First a quote: “If our egos get in the way of leadership effectiveness, it does not matter how right we are, or were, in the decisions we make, or the actions we take.” – Bryan Yager
Good morning and happy Monday!
I once heard a comedian offer the following one-liner: “Husbands who are always right… are soon left.” I remember both smiling and chuckling at this insightful bit of humor. Unfortunately, that statement is one of those “truths” that probably hits too close to home for many of us in our most important relationships.
Please note, this article is not about marriage, husbands, or wives for that matter. (Although it applies to all three.) It is about any person, in any relationship! The words in that bit of levity are also true between friends, co-workers, family members, and certainly between leaders and the teams they lead.
I recently heard a senior manager proclaim: “I’m never wrong.” I waited for an accompanying smile indicating the words were intended with a touch of sarcasm, or a dash of humor. That was not the case, not even a hint of a smile would follow. This person was dead serious about the absolute correctness of their decisions, actions, and manner of working.
While “being right” is obviously important in many/most decisions, that internal desire to always be right, and to be unyielding in that rightness, can become a destructive acid in most relationships over time. The manager referenced above was abandoned by her team in a crisis of shattered trust.
It is almost like the title picture today; people who are afflicted by this, almost subconscious, need to always be right will find themselves (and their relationships) weighed down by a metaphorical ball and chain. Individuals with this infliction are often prisoners of their own thinking. Their most important relationships soon become cold, distant, unsatisfying, and in the work environment, non-productive.
As the comedian said of husbands, “Leaders who are always right, will also soon be left.”
Warning signs that you might be one of “those people”:
- You frequently feel defensive when people offer conflicting ideas or points of view.
- You have an almost uncontrollable desire to defend your thinking and decisions.
- You reject the ideas of others without consideration, exploration, or acknowledgment.
- You rarely thank the people who have the courage to offer ideas, solutions, and thinking that run contrary to your own.
- You do not thank people for offering critical feedback.
- People stop sharing their ideas with you.
- There is a lack of “back & forth” discussion, or debate, around alternate ideas and/or solutions.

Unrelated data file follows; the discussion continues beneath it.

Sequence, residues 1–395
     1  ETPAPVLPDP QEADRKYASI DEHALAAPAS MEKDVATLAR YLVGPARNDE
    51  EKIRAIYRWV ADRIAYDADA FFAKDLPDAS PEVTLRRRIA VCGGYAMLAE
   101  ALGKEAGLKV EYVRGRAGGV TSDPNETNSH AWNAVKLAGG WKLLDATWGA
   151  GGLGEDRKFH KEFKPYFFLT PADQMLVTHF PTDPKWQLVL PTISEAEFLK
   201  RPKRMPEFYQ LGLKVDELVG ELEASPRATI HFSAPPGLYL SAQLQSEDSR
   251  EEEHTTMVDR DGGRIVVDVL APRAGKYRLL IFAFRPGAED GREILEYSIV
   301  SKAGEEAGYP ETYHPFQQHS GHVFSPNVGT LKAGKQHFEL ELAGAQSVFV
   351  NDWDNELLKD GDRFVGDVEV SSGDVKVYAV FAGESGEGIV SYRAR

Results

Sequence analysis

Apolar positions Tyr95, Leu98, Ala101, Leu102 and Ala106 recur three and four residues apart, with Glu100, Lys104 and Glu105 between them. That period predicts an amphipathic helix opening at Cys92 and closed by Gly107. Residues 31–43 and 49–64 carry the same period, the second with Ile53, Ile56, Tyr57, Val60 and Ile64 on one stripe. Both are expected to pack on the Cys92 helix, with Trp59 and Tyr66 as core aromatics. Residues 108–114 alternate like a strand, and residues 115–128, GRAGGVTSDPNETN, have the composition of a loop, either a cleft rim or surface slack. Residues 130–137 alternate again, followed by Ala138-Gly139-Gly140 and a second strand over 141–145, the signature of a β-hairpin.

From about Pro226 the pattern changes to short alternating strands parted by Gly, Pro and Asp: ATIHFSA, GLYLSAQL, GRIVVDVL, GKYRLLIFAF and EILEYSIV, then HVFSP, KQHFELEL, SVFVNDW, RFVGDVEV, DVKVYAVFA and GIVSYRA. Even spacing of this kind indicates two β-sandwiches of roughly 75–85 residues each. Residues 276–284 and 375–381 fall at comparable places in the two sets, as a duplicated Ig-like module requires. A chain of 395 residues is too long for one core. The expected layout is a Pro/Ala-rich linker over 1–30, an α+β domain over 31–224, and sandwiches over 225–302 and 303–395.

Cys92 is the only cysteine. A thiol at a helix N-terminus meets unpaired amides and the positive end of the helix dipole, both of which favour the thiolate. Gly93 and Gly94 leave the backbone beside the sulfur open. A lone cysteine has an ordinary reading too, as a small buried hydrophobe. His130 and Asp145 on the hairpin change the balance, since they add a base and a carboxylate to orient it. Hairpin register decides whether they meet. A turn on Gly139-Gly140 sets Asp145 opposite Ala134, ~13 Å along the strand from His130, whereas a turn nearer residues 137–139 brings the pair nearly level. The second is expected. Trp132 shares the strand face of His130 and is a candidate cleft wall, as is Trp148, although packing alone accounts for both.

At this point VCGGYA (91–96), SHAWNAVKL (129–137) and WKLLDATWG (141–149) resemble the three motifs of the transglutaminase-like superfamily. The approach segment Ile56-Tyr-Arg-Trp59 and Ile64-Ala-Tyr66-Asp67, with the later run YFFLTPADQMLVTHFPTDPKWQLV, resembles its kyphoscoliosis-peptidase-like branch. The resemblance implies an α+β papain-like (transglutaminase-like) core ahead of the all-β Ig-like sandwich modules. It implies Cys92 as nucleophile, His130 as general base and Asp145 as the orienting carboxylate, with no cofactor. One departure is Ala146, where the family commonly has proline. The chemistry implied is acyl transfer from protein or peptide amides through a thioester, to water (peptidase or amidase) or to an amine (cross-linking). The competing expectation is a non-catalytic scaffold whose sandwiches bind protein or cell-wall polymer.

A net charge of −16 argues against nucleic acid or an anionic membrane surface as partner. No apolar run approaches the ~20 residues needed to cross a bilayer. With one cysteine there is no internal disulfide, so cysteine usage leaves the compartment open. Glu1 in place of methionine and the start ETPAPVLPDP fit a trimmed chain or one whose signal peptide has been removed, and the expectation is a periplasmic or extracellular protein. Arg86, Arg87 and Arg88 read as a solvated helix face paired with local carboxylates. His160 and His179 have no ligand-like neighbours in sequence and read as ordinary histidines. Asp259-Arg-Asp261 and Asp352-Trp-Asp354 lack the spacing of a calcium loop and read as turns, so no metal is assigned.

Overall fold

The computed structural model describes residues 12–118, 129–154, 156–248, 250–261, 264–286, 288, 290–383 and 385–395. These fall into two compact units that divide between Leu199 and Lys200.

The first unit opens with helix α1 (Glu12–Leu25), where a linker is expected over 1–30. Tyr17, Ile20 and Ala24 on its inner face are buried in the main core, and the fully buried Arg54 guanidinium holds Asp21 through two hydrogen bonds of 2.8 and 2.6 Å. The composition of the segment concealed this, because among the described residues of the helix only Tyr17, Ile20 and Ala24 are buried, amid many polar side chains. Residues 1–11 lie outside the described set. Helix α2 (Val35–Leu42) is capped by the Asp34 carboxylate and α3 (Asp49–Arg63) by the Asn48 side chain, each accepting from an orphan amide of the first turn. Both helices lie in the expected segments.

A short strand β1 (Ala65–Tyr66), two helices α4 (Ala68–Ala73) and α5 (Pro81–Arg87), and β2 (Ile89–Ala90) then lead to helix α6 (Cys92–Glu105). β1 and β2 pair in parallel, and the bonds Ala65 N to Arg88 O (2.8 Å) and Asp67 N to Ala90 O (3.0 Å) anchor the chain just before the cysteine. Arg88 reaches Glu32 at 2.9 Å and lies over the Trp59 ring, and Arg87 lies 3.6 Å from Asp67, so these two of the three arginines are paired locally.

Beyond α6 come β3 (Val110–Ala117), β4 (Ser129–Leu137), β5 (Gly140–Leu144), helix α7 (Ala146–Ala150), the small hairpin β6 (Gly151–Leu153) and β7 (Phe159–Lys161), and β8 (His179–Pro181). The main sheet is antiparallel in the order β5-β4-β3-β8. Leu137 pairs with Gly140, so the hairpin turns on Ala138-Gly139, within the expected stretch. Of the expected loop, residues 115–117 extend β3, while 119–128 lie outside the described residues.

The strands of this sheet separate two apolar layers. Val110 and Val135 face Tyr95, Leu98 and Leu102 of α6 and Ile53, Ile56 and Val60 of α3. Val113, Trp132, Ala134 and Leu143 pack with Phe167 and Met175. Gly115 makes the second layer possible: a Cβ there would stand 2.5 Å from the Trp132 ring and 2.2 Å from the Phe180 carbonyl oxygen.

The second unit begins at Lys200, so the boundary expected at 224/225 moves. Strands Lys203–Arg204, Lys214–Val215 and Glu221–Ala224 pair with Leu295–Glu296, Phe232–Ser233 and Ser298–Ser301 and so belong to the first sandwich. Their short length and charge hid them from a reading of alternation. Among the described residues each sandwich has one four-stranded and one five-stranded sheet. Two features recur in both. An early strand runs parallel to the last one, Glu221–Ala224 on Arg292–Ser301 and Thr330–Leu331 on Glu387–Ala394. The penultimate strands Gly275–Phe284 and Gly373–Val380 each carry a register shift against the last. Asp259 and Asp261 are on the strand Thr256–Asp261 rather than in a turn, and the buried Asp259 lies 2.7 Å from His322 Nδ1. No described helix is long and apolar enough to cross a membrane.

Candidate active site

- Staff meetings become unusually uncomfortable and quiet.
- People are in a hurry to be “someplace else” at the conclusion of almost every meeting.
- There is very little “idea-based conflict” in your meetings.
- Conversations frequently feel distant and cool.
- There is a noticeable lack of trust in all directions.
- Team members avoid social interactions when at all possible. People start eating lunch at their desks in avoidance of others.
- There is little personal sharing between team members.
If you find some of the bullet points above describe you, or your situation, you may be too focused on being right, and not focused enough on getting it right.
A desire to always be right can stifle creativity amongst the team, and can make other people, who may have valuable insights to contribute, more hesitant to offer creative solutions and important feedback.
Leaders who are willing to listen to their teams often have stronger team engagement, and reach better conclusions, then teams where only the boss’s input is considered.
Related MMM articles:
- Click here to read: Can Being Right be Wrong?
- Click here to read: At My Best by Choice
- Click here to read: Are My Problems My Fault?
How will you live, love, or lead differently, or better this coming week?
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- “I am not interested in being right. But I am very interested in getting it right.” – Joseph Connor Yager
- “Confidence comes not from always being right but from not fearing to be wrong.” – Peter McIntyre
- “He who establishes his argument by noise and command, shows that his reason is weak.” ― Michel de Montaigne
- “The more a person needs to be right, the less certain he is.” ― Meir Ezra
- “There is a way of being wrong which is also sometimes necessarily right.” ― Edward Abbey